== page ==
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The consolidation test provides basic information on the compressibility characteristics of soft soils needed to estimate the magnitude and rate of settlements resulting from one-dimensional straining. For the past 40 years, extensive use has been made of the conventional consolidation test in which samples are subjected to increasingly large increments of load, and the resulting time/deformation curves are used to obtain the various compressibility parameters. About 20 years ago, several investigators [1–3] found that the experimental results obtained were not unique, rather they were functions of the loading sequence used and the time allowed for each load increment. In other words, as in the case of other geotechnical tests, it was realized that the conventional test was by no means a “standard” test.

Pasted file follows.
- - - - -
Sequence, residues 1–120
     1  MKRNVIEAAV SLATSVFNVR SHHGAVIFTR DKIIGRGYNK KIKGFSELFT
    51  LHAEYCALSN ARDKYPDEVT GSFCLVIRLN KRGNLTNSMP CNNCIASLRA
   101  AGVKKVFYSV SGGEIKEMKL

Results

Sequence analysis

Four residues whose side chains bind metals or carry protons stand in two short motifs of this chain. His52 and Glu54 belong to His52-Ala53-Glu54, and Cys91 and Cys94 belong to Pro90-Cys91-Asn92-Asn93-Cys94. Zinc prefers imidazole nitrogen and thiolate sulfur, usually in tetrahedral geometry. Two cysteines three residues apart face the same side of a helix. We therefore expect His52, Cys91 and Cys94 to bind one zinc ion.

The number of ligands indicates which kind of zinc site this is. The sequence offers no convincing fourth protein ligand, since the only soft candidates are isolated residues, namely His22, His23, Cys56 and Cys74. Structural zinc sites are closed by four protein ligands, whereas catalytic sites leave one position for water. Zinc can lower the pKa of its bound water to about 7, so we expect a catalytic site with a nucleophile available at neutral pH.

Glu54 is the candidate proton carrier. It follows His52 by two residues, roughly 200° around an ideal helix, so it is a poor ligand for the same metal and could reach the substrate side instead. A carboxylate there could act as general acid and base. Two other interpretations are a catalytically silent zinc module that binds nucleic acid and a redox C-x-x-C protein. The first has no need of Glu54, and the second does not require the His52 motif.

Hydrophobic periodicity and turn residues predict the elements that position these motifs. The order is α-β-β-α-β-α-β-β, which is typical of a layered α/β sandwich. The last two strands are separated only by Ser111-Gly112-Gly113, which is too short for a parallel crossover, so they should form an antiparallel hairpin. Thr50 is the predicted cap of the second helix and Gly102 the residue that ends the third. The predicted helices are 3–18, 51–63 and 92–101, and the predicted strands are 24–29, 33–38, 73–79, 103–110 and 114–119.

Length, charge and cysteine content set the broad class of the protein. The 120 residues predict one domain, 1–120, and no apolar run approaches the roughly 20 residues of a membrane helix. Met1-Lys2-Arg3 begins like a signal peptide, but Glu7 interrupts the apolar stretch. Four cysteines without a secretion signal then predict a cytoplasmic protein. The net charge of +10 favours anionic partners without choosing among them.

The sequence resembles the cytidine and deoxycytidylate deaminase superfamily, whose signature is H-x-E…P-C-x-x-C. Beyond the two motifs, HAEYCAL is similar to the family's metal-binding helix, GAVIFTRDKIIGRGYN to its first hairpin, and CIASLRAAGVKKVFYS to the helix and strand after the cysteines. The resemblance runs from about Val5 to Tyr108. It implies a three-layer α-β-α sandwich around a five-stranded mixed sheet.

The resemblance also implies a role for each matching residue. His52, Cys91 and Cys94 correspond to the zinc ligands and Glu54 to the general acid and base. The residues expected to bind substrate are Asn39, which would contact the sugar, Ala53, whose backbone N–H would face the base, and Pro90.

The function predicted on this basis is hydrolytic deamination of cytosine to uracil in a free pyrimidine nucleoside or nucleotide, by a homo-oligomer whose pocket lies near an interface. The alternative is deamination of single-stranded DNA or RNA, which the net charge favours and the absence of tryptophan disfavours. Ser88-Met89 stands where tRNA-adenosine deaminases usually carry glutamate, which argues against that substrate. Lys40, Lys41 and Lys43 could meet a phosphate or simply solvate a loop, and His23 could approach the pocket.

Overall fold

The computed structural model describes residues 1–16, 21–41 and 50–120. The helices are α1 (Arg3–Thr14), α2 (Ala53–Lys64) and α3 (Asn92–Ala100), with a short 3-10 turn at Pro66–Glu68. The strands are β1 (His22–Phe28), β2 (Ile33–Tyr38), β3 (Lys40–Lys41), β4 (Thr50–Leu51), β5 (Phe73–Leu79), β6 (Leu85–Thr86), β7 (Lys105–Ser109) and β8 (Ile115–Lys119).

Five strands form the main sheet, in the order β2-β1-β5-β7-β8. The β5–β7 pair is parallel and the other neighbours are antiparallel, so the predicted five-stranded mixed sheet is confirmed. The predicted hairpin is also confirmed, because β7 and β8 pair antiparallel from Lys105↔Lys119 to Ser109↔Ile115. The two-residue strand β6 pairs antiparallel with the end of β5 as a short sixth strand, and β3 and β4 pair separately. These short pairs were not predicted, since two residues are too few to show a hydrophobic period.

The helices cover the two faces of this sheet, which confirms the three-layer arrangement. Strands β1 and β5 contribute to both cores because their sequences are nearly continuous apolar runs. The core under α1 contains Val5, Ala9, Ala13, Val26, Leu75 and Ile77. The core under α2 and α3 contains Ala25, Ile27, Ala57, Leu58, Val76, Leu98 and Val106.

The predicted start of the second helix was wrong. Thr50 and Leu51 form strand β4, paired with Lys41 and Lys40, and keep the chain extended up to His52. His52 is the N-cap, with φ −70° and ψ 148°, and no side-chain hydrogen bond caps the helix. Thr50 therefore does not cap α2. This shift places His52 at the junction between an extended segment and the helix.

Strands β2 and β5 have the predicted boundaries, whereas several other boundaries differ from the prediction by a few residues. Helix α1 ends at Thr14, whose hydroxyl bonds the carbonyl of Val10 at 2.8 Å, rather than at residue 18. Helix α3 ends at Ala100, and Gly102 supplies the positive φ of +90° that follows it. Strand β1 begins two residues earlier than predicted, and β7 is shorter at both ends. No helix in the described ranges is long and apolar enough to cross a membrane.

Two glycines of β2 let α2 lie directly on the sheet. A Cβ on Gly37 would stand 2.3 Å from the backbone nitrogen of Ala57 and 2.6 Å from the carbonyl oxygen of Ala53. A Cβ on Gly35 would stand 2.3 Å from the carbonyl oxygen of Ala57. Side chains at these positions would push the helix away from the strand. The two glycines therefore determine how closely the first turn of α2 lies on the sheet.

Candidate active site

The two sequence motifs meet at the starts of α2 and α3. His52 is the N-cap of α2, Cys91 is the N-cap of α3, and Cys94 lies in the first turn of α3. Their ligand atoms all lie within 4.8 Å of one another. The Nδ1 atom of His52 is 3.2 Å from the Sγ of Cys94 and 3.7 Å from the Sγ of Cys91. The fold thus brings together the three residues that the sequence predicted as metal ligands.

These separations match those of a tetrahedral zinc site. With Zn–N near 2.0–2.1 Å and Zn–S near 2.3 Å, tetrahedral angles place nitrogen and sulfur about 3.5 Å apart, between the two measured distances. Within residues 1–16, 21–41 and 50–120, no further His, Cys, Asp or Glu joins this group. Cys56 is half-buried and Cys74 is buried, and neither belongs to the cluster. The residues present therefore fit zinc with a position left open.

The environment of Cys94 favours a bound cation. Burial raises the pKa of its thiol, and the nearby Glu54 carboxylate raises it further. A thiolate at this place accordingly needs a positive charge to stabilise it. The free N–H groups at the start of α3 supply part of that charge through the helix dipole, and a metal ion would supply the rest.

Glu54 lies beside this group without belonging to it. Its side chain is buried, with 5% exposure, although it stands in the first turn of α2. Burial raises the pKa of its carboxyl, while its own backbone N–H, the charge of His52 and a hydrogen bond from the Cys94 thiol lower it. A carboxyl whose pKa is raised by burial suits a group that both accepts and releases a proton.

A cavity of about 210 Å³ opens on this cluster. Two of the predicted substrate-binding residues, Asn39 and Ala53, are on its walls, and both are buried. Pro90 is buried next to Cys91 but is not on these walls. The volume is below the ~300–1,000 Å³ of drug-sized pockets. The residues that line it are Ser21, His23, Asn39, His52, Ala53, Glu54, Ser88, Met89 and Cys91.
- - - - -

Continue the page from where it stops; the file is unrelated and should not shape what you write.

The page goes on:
Professor, Department of Civil Engineering, École Polytechnique, Montreal, P. Q.